This decision is not unlike what communities faced following the aftermath of Hurricane Sandy along the New York and New Jersey coast in 2012. In both instances, residents decided that their community was “stronger than the storm” and that they would restore their communities back to a place that worked for all its people and businesses.
Even when they agree on what they want, Members of Congress excel at
division and making a noncontroversial bill sound like the road to ruin.
FACT: Ask every member of the House Judiciary Committee if
they support the right of consumers to unlock their cell phones so they can
change service providers and they will say yes. All of them.
And yet for two hours Wednesday, Committee members engaged
in heated debate and ultimately voted by a small margin to move the simple four
page bill (H.R. 1123) sponsored by Rep. Bob Goodlatte out of Committee and to
the House floor for consideration and vote. This should not have been a controversial committee mark up,
but many Members of Congress continue to be concerned about what this bill means,
rather than what it actually does.
challenged to think outside the industry talking points, to what consumers are
saying loudly in their marketplace choices.
As a part of a series of hearings, the Senate Commerce
Committee held a hearing on the “State of Video” communications Tuesday May 14,
Leaders from the cable, satellite, and broadcast TV
industries joined PK’s own video & media policy guru, John Bergmayer on the
panel and made one thing very clear: These industries are making a fine profit
right now and are not interested in having the power of the Internet change
Hearings such as this, that have (somewhat) balanced witness
panels are very helpful because they remind us that no matter how much we are
told through advertising that what cable, satellite, and broadcast are giving
us is what we want, these companies are in the business of protecting their
business. The technology that can
increase competition and lower the price of cable is already available in
online video. Millions of viewers
this choice to take advantage of online video options today.
The 10th Annual IP3 Awards are coming up on October 9th, 2013! Who do you think deserves IP3 Awards this year?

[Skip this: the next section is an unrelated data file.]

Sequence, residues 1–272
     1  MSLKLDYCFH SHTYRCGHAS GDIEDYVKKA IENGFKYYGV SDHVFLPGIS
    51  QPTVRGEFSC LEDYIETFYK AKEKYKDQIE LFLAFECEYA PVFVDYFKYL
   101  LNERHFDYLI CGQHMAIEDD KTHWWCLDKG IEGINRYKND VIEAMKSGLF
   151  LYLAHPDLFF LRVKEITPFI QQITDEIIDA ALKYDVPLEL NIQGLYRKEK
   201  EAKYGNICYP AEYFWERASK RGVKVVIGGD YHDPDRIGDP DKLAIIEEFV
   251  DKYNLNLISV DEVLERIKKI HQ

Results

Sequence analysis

is an exciting time for the public interest community and tech policy!
the last year, we have celebrated winning court decisions such as the Aereo
case and Kirtsaeng v. John Wiley & Sons, and we have continued to stand up
net neutrality rules when we forced AT&T to step back from its blocking of
Facetime. From bringing about a
balanced discussion around copyright reform following the dark days of
SOPA/PIPA, to carrying the torch for the social contract of the Communications
Act in discussions over the PSTN transition, to introducing DC to innovative
new technologies like 3D printing, we are the thought leaders and activists who
are leading the way forward.
The issue of cell phone unlocking has been hot for the past
month. The White House response to
the over 100,000 person petition to allow for the unlocking of cell phones has
led to a flurry of legislative proposals in Congress and broad interest in a
quick solution to the issue.
Last month the House Republican Study Committee (RSC)
released (and then retracted 24 hours later) a thought-provoking policy paper
Myths About Copyright Law and Where to Start to Fix It. As the leading
group for conservative policy ideas and discussion in the U.S. House of
Representatives, the RSC could play a critical role in presenting the
conservative arguments for copyright reform.
To the average observer Wednesday’s House Judiciary
Subcommittee hearing on Internet music royalties may have simply looked like a
typical DC fight between large industry interests over how to split up a
dollar. While that may be partly
true, it is also important to remember how these decisions can impact what
music that we (the consumers) have access to and the choices we have in how we
listen to it. Public Knowledge provided that voice of what is important for
both consumers and artists through a written
statement for the record.
However, the main event on Wednesday was the oral testimony by an
industry-dominated panel, so lets get to the blow-by-blow.